Someone ought to tell John McCain — and others who are intoxicated by nationalism — that the United States does not have the best health-care system in the world.
America is ranked 37th by the World Health Organization, just below Costa Rica, and just above Slovenia
However mediocre the status quo may be, quality health-care is what Americans of all ages need — and deserve — to help them when they are ill or injured. That so many people lack access to care is a national disgrace. The topic is endlessly debated by Washington, but never addressed.
That has to stop.
The barrier to effective treatment created by the absence of insurance is compounded by the attitudes and behavior of providers. Even patients with insurance and the means to pay for health-care languish untreated too often, because they don’t know how to advocate for what they deserve.
Recently, a relatively minor knee injury kept me limping, eventually throwing out my back. For eight weeks, I had to battle with pain, and with every level of receptionist, nurse, physician’s assistant, and physician who seemed to be there just to keep me from getting better.
As a bold person who was a health administrator for 10 years, I did what had to be done to get what I needed to get better.
But huge challenges are posed by the voicemail answering systems and other impersonal hallmarks of our age. The same is true of staffs more concerned about co-pays than patient care. Office workers eager to protect the physician and their assumed privilege in working for him or her are oblivious to patients’ rights.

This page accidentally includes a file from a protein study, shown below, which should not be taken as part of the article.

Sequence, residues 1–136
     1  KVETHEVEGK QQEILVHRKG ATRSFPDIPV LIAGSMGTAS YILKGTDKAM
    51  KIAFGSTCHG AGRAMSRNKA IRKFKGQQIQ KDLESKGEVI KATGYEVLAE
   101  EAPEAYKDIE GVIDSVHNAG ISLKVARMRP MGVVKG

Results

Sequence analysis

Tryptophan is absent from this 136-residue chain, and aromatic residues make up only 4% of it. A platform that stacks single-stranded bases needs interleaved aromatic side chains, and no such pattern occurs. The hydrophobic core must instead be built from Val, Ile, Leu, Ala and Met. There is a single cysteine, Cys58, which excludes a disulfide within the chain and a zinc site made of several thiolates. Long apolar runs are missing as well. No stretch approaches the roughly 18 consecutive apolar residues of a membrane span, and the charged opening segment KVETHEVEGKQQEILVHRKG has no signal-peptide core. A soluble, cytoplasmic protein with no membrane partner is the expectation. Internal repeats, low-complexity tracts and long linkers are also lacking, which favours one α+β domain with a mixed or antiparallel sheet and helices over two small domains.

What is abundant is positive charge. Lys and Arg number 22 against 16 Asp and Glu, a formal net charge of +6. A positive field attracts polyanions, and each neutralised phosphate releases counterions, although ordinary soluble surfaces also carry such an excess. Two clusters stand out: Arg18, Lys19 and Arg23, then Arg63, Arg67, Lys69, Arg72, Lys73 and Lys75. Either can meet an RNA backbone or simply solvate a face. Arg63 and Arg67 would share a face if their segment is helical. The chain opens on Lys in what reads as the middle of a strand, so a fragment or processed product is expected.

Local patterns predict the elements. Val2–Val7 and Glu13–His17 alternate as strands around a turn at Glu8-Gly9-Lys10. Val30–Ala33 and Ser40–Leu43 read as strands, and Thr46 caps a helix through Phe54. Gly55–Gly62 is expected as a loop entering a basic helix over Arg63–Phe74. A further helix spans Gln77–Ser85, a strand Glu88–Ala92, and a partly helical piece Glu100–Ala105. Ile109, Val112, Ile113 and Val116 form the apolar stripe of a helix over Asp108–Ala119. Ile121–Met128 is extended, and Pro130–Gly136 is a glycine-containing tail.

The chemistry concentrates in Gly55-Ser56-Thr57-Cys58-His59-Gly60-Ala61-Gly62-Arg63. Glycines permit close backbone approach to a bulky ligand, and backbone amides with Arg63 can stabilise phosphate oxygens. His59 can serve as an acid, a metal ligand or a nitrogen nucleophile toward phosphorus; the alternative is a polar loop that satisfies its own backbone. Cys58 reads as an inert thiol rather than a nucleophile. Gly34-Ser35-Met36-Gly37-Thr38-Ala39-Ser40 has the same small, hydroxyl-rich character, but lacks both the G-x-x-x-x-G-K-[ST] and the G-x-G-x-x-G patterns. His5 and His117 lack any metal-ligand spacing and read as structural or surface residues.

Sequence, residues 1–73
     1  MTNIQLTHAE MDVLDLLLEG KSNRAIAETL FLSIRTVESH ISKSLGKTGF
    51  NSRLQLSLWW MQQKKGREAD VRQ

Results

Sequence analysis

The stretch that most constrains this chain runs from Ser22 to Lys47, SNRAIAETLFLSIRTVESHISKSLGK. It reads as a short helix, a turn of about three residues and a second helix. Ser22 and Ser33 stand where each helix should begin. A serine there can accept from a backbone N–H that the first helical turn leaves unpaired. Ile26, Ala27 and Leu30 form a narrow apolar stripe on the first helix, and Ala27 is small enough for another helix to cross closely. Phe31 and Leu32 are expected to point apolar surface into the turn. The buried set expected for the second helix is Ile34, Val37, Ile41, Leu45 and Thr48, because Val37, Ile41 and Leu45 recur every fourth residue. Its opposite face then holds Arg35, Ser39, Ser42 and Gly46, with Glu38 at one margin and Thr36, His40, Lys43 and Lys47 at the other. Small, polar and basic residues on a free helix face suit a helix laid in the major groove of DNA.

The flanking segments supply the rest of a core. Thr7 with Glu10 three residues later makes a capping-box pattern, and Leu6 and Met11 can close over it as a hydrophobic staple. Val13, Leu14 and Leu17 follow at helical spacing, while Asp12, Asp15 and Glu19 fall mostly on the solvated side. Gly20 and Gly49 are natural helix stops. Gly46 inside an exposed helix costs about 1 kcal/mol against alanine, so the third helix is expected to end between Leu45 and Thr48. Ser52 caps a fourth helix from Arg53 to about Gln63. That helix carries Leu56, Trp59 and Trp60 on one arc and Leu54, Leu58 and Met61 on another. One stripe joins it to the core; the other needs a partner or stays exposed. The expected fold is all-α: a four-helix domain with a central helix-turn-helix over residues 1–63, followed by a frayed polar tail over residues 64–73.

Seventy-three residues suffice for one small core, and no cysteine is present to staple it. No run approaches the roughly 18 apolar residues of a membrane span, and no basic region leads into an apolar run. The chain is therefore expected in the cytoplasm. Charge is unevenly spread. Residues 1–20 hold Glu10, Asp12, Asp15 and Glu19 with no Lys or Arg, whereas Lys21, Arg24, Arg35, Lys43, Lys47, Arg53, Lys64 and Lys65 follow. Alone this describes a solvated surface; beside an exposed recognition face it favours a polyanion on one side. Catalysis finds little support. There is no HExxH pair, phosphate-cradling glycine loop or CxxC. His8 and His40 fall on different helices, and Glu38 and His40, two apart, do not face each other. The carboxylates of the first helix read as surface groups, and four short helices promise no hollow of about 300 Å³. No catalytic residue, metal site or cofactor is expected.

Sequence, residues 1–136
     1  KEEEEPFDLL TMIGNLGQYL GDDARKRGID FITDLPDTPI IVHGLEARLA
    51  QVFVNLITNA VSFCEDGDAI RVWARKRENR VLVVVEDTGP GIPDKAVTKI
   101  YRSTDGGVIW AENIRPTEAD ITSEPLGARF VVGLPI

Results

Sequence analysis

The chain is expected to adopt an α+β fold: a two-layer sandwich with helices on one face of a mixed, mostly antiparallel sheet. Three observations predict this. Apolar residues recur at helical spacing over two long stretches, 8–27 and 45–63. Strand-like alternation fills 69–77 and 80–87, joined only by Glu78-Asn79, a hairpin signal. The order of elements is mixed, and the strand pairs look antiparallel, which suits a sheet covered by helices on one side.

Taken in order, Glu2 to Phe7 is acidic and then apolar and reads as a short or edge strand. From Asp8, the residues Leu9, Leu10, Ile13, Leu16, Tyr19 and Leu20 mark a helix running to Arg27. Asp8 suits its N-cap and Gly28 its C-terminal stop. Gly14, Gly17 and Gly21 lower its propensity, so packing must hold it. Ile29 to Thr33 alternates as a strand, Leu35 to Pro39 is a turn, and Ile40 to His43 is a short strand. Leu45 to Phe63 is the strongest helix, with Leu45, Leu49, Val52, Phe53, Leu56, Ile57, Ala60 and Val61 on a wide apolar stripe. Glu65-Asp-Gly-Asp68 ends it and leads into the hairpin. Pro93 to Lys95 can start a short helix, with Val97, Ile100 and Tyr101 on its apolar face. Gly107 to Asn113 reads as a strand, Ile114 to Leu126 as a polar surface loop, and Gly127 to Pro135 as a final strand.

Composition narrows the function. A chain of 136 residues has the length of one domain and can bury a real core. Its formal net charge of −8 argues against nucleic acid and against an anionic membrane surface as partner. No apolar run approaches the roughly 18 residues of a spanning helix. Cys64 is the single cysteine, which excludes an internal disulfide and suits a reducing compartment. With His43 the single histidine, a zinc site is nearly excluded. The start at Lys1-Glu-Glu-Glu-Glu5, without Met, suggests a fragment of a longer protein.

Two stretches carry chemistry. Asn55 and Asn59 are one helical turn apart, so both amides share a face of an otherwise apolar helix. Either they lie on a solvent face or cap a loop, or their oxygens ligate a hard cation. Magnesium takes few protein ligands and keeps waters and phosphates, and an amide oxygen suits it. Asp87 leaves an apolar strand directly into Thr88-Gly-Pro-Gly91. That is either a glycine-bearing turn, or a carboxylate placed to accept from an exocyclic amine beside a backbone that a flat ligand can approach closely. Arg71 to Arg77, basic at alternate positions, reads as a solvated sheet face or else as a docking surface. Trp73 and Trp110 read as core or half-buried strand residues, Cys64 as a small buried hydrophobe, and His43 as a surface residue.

It is useless to have patients sign a form acknowledging the facility’s compliance with federally mandated privacy regulations if the facility’s “sign-in” sheet, for example, tells those signing in whom else is there for “confidential” health-care.
To get treatment in America, you need to know about anatomy, medicine, and how to cajole the doctor into ordering what you need. You must master the art of making such suggestions as, “Do you think an MRI might show you anything?”
Conversely, you have to protect yourself from human error borne of indifference or just plain inattention. You need to say things like, “Isn’t that one of the drugs I’m allergic to?”
You have to be willing to challenge the unquestioned power society confers on physicians.
During the time I was limping with pain, coordinating my own care, and collecting my medical records (to which one is legally entitled), uninformed staff were trying to keep them from me. I kept asking friends and family, what do less assertive people do?
Unfortunately, that’s true.
This should be the year when all that changes.
: This Just In
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